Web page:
Everyone likes the idea of spending less time at work. But is the prospect of the UK government implementing a four day week pure fantasy? Or an inevitable next step?
During the industrial revolution workers would spend most their time in the factories with little time off. Trade Unions fought to get these days reduced, and finally the two day weekend was written into legislation towards the end of the UK’s Industrial Capitalism period.
This was still a time when most people worked in factories. Meaning there was a direct correlation between how much time employees spent at work and productivity. However, todays job market is a very different landscape with Manufacturing and Mining only equating to 7.9% of the workforce.
There has also been some significant progress towards a four day week in other countries. In February 2018 the German union IG Metall won a landmark case, entitling it’s members to 28-hour work weeks plus a 4% pay rise.
When reviewing all the arguments for a shorter working week, there are two main reasons why I think it’s inevitably going to happen.
Productivity is Higher When Employees Work Less
There is an overworking epidemic in the UK, and data reveals that in 2017 over 12 million work days were lost due to stress, depression, and anxiety. In over 40% of the cases ‘workload’ was stated as the cause.
Another recent study conducted by the University of Warwick , found that happy employees are 12% more productive. Whereas those who are unhappy at work are 10% less productive.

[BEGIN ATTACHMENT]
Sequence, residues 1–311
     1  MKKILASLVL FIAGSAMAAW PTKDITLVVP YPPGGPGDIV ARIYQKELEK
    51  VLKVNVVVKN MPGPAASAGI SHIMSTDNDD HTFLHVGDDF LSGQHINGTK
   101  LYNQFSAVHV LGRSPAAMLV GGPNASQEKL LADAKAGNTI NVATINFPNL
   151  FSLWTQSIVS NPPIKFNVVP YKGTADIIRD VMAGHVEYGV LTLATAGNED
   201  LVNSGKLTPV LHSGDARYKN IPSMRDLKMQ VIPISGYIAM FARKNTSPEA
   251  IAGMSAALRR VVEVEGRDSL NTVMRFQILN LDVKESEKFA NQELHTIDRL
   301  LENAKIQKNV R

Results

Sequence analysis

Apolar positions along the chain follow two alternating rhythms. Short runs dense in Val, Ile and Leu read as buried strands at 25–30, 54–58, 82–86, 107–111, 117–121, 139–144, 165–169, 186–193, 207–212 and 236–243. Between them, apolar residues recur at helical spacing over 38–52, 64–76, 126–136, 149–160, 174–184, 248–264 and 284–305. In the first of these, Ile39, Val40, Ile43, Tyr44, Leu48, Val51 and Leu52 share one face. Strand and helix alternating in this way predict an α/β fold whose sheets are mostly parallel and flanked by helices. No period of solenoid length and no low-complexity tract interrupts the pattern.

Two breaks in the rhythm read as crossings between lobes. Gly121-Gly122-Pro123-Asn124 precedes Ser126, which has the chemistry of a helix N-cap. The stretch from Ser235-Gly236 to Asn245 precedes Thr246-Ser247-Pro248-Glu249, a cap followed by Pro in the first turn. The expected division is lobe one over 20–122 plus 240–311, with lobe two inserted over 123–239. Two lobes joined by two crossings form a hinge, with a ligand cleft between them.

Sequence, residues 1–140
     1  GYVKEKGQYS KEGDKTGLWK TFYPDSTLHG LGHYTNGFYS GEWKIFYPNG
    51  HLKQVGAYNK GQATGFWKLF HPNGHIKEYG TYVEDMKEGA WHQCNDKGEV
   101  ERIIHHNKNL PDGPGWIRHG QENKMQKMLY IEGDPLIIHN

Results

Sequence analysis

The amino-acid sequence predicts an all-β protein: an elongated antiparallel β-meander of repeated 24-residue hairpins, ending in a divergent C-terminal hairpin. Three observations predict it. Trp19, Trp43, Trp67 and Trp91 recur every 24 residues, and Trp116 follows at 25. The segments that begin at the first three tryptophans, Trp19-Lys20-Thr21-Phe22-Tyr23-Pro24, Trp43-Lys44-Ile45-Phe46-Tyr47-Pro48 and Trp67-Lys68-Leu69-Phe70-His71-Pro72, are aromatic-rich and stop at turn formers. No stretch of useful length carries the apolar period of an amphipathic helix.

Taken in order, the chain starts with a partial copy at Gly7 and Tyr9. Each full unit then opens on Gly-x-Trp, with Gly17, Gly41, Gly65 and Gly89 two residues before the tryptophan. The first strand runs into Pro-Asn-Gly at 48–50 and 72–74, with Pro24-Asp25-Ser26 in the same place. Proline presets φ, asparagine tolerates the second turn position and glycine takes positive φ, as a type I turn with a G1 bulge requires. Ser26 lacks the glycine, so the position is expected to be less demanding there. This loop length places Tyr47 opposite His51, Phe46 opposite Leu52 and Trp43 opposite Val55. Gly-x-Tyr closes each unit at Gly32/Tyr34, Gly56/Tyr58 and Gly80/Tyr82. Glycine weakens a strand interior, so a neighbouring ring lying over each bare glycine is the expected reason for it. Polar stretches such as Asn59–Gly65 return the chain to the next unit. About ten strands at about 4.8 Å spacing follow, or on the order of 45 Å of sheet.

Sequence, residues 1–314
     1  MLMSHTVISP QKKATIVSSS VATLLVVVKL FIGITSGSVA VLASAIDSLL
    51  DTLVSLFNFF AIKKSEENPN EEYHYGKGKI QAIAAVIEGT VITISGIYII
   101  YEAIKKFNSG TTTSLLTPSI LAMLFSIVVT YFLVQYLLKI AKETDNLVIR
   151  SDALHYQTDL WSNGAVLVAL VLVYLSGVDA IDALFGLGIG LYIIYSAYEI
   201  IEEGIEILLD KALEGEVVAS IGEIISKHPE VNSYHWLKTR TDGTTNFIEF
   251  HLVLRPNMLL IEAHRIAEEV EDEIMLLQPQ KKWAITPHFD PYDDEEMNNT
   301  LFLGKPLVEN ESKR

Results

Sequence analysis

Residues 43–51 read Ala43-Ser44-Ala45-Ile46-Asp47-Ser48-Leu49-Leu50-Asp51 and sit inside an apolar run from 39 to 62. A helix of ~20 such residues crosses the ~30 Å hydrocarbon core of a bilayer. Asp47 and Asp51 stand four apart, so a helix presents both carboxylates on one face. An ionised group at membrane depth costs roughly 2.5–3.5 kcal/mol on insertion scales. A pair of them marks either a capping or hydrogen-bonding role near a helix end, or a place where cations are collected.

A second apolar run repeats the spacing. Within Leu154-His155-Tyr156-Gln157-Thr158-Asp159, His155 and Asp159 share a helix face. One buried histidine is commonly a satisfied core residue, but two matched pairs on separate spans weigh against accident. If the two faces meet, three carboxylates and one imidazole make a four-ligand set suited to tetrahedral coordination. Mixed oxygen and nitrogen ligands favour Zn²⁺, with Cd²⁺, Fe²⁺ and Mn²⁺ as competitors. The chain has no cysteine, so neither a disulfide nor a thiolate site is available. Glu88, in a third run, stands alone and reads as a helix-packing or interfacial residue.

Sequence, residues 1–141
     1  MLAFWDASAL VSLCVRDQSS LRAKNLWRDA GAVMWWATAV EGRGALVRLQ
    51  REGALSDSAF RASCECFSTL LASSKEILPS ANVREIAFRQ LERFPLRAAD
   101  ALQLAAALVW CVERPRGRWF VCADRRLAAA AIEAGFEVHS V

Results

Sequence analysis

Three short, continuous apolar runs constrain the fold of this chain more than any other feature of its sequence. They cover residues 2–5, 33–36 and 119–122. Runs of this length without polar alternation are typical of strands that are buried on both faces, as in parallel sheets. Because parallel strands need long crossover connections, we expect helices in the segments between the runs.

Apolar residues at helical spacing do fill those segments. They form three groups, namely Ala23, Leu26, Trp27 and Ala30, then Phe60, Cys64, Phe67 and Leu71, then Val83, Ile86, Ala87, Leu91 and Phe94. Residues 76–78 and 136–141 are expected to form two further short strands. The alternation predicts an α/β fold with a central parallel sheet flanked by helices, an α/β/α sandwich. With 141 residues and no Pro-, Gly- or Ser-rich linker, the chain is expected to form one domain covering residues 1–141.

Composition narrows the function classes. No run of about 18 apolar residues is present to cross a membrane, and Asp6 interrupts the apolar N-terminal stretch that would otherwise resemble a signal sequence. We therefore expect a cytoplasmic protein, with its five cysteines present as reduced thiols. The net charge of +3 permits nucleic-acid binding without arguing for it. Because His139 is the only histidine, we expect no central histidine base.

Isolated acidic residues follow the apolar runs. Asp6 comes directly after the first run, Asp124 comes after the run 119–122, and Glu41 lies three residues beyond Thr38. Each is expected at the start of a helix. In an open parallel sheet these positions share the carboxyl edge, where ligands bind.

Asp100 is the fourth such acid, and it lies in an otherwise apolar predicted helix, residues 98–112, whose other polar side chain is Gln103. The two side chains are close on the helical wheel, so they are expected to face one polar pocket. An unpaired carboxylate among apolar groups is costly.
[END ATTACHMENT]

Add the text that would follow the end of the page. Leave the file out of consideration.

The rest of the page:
By allowing employees to work less, you are giving them more time to do the things they enjoy. Whether it’s spending more time with the family, or pursuing a hobby. This in turn makes them happier and more well rested, which leads to higher productivity.
Another point worth mentioning is Parkinsons Law, which states “work expands to fill the time available for its completion.” This means that if you give yourself 7 hours to do a 1 hour task, you’ll end up taking 7 hours to finish the work.
Essentially this means that making your employees work more doesn’t make them more productive. It just makes them much less efficient.
After reviewing these facts, it’s clear that shorter work weeks would lead to larger profits and a more efficient workforce.
People Consume More During Days off Work
Its no secret that our capitalist society needs its citizens to purchase and consume as much as possible in order to grow. That’s why in the UK alone, over £5 billion was spent on Advertising in 2017.
What is also true is that people spend more money during their time off. Whether its on beers with friends at the weekend, or fancy meals whilst on holiday. So by giving everyone an extra day off each week (52 days a year) consumption will go up.
As highlighted by the below diagram, the higher the demand for goods and services, the larger the profits for companies. This then creates more jobs which results in more people with money to spend and re-invest into the system.
Considering both these points shows that even from a purely economical point of view the four day weeks makes sense.
This is important, as it’s ultimately money which leads to all major political and societal changes (despite what the government would have us believe!). So have a strong economical incentive behind the four day week will have a big impact.
It may be a bold claim, but I’d put money on the four day week being introduced by 2025.
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